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Tips and Tricks: Getting from Obvious to Valuable Technical Content

TechWhirl WebsiteTechWhirl Website United StatesPosts: 396 admin
edited September 2013 via Wordpress in Technical Writing and Communications
imageTips and Tricks: Getting from Obvious to Valuable Technical Content

Users complain that they are only getting information they already know—and they’re not particularly interested in consuming this “obvious” content. Unfortunately, in the name of rapid production, much content that is written describes the obvious about features, and doesn't do justice to content that is truly valuable to those who want to consume it. Getting away from obvious content is at the heart of producing valuable technical content. Here are five tips to getting to valuable technical content.

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Comments

  • mbakeranalectambakeranalecta CanadaPosts: 53
    via Wordpress
    Ena,

    I think you hit the nail on the head with the questions you pose:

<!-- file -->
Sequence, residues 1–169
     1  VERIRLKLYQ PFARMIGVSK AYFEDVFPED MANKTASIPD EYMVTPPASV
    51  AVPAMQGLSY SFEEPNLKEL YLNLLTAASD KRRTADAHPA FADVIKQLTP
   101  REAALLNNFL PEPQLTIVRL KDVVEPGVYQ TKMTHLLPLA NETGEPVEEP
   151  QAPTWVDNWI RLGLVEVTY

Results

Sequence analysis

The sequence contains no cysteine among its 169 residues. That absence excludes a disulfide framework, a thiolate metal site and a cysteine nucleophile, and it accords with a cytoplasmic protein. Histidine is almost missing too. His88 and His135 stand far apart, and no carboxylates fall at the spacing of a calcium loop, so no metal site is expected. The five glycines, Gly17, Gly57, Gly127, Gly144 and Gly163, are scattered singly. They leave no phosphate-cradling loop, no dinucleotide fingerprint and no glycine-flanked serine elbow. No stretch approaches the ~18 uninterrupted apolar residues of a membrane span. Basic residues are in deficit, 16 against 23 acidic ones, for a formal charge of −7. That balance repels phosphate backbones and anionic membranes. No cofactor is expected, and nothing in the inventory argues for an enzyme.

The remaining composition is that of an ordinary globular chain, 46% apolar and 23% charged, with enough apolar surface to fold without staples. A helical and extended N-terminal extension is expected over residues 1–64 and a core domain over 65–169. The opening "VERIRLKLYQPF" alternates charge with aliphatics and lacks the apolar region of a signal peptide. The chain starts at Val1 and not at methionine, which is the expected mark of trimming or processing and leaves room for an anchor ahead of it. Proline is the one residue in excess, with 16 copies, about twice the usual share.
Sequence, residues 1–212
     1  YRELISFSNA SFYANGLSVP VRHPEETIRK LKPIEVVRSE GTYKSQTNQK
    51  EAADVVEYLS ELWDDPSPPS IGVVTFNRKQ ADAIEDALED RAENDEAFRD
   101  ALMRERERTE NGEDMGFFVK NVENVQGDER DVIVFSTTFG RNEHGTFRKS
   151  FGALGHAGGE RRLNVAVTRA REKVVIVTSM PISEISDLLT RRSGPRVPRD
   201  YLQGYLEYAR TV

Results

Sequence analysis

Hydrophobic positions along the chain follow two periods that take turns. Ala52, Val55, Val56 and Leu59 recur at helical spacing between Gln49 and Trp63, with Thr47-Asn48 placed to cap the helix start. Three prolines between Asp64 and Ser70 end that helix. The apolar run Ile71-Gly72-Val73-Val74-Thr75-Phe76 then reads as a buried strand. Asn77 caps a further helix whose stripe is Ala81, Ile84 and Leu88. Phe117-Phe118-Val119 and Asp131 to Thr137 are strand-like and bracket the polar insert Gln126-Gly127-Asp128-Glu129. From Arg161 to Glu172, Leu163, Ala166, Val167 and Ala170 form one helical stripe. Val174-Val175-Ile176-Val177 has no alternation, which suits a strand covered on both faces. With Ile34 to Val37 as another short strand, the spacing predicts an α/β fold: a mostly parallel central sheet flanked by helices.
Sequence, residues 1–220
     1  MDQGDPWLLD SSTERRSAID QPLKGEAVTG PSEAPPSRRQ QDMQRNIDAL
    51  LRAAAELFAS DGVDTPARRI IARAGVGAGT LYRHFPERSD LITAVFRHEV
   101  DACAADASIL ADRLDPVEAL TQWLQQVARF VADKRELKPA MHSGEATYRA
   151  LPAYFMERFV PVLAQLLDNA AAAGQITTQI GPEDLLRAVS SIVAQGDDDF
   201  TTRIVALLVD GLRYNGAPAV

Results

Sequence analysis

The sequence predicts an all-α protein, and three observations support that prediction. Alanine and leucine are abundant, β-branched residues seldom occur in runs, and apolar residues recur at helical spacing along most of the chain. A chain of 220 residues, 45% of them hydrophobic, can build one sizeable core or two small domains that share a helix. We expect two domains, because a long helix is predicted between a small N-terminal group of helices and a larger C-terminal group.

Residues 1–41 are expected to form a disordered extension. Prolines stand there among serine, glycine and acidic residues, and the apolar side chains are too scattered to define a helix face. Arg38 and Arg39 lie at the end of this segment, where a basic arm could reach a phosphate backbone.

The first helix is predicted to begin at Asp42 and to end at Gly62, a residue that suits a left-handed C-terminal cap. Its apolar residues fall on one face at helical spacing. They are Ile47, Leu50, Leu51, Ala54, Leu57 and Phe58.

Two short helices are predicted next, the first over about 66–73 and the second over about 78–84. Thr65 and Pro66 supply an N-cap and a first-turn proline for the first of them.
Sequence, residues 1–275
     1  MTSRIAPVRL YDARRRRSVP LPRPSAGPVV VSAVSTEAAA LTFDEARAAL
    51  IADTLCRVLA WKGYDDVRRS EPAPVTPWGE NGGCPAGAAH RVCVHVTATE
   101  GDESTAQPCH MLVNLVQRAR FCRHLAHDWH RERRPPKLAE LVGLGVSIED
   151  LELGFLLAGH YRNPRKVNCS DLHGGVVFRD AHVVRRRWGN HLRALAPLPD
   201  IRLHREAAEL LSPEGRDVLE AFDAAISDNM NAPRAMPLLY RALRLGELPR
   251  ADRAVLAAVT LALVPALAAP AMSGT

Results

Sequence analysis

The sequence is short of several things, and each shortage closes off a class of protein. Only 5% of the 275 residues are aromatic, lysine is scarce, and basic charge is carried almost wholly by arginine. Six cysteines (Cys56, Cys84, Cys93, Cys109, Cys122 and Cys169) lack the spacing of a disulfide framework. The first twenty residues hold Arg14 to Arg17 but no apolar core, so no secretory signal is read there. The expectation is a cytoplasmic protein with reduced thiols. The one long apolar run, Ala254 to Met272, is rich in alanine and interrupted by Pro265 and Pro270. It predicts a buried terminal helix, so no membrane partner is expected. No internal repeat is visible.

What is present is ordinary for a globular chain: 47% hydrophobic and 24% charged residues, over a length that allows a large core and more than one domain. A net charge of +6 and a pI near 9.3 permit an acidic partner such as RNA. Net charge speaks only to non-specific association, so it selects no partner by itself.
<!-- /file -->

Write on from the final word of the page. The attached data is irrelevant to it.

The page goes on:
“Why do I need to know this?” “What does this term really mean, and how does the corresponding concept impact my product use?” “Why did you use ‘4’ in this example? Is this the value I should use too? How do I decide what value I need to use?” “These results you are showing me, are they good? Why or why not?”

    What is important about these questions is that none of them are mechanical. They are all decision support questions. This is where I think tech comm has really dropped the ball on task oriented documentation. We need to understand that the part of the task that the user usually has trouble with is not the mechanics of how to press the buttons, but with the decisions they have to make in order to know what order to press the buttons in.

    Of course, providing decisions support is much more complex than telling people how to press buttons. You can't get at the decision support information by sitting in your cubicle playing with the beta software.